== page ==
By Marine Staff Sgt Brian Buckwalter
So, I ran ten miles yesterday. It was a beautiful day to run too; crisp morning air, but not too cold and not a cloud in the sky. I wasn’t the only one running that far though. Close to 30,000 others joined me. We all ran the 25th Anniversary of the Army 10-Miler.
The race started and finished at the Pentagon, and wound its way past several of Washington, D.C.’s most prominent landmarks like the Kennedy Center and the U.S. Capitol. I ran with several others from work on the team, “Go Team DMA!” We didn’t win the race, but we all finished at personal best times, which was the goal.
Wounded warriors ran the race this year too – I didn’t see any because they started almost 20 minutes ahead of everyone else … except for one soldier, who I caught up to around mile four. One of his legs was fine, but the other was in a cast that forced his knee to be bent at a 90-degree angle. Attached to that shin was an extension – almost like a prosthetic. He had to use crutches to keep his balance. He wasn’t moving very fast, but he sure was working hard. Sweat poured from his face, and he looked like he was in a good deal of pain. As people ran past, they shouted words of encouragement, which seemed to be the only thing that kept him going.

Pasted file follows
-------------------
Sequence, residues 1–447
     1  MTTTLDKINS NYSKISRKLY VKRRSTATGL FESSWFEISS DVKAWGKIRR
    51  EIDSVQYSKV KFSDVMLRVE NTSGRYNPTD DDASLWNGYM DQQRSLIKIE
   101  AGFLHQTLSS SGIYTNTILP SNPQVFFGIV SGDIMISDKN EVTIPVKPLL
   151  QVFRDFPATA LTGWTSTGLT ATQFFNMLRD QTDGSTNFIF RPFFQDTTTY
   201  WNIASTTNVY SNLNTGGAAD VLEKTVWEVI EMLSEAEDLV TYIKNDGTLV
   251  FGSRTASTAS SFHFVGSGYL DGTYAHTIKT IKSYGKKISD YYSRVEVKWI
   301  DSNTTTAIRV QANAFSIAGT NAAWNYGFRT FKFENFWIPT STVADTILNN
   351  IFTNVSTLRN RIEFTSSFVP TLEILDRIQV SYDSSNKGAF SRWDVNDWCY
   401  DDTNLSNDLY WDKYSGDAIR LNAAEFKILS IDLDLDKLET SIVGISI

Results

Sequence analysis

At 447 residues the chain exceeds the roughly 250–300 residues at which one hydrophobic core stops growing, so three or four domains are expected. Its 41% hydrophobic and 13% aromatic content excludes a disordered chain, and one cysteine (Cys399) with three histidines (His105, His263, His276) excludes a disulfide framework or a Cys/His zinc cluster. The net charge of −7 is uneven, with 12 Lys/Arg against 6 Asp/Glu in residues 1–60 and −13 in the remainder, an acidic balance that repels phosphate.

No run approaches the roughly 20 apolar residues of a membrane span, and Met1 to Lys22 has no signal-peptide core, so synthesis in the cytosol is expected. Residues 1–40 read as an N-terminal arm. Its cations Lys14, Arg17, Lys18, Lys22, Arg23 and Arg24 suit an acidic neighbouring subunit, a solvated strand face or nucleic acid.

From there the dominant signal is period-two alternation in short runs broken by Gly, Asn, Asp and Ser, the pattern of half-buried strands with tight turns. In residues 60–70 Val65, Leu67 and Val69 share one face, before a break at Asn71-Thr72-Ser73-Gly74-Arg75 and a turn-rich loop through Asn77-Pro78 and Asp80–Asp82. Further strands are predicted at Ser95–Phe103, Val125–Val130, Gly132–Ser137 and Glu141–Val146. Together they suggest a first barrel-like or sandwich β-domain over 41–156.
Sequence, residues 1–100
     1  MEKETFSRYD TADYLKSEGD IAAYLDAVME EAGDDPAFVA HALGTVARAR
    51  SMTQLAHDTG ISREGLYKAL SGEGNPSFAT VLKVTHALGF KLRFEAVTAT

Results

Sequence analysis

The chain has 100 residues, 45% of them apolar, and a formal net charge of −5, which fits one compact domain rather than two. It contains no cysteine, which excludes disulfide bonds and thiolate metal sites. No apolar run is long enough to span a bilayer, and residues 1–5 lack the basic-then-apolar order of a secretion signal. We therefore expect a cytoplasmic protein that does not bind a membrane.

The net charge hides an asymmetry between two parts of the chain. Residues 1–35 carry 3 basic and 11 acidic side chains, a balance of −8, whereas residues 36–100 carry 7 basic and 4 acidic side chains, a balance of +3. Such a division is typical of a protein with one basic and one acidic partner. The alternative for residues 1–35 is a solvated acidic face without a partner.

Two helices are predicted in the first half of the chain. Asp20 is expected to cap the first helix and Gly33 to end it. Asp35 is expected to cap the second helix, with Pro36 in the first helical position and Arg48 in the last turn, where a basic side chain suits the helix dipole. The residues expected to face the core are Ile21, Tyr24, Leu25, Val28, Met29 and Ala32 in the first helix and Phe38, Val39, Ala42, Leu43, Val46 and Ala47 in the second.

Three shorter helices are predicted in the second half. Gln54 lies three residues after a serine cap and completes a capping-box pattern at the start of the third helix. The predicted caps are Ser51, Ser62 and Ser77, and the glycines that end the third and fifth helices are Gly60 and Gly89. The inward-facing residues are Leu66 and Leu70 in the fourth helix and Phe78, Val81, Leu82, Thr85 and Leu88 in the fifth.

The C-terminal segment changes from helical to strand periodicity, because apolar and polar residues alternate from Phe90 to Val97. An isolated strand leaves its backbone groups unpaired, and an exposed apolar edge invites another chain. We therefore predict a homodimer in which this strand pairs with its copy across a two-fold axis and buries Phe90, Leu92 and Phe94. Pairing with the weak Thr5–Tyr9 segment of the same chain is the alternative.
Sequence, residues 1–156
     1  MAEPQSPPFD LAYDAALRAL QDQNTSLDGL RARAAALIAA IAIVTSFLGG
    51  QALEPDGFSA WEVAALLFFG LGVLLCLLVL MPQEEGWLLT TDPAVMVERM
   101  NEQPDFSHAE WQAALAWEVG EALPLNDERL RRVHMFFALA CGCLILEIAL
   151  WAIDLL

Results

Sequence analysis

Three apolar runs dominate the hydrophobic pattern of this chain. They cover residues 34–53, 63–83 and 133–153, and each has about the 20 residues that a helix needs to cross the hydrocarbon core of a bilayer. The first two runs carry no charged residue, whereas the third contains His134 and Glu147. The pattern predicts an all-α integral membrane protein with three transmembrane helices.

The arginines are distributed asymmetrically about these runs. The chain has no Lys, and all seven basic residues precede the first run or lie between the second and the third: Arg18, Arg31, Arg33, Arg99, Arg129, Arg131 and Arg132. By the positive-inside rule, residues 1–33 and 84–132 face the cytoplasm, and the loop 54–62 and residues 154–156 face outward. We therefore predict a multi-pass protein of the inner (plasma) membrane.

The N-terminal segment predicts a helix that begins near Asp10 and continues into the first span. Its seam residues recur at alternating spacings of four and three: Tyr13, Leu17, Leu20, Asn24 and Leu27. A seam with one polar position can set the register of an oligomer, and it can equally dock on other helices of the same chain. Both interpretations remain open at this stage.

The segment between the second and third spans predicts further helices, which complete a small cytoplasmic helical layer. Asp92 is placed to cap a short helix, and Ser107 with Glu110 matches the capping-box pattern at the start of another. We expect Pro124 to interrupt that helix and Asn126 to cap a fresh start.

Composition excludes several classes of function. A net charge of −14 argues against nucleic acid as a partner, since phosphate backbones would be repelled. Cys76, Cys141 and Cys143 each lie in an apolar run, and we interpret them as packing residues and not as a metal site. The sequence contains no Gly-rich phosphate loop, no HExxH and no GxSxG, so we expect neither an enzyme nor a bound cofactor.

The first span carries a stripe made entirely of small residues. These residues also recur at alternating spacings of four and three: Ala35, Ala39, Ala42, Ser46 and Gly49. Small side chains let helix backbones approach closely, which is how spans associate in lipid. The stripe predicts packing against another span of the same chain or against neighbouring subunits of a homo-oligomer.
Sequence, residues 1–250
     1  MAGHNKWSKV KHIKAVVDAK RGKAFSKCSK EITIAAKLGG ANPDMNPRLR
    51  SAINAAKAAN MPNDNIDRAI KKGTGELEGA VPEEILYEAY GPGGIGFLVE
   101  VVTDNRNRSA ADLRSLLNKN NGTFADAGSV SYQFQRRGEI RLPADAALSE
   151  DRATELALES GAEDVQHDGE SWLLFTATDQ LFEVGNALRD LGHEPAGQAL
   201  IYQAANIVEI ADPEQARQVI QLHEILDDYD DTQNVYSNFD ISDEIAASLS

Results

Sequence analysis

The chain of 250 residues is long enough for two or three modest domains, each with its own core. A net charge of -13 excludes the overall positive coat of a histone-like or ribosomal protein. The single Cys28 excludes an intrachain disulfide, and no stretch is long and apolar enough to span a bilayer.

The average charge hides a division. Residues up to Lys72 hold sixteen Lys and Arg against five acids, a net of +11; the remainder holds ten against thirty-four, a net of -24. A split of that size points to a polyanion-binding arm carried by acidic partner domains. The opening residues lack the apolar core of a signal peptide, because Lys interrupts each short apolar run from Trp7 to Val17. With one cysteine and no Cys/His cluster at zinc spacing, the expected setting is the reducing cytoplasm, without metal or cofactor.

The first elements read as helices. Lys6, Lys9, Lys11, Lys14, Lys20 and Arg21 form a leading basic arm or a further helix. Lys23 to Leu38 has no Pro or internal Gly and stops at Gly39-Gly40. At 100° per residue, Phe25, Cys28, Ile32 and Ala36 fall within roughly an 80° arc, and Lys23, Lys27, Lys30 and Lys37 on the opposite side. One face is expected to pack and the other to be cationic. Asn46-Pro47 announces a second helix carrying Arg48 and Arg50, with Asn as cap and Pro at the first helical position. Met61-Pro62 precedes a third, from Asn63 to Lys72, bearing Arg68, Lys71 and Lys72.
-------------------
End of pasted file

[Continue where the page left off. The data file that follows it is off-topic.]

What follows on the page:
I have no idea if he finished, but he was inspirational to see. Inspirational because I have wondered how I would handle a life-altering injury like that. If I would handle it with a similar determination and drive he was. My encounter with him lasted only a few seconds in a race that went over an hour, but the impact he had on me will last much longer than my soreness in my legs today. And thank God my legs are sore. Because of that soldier, I will never take that pain for granted again.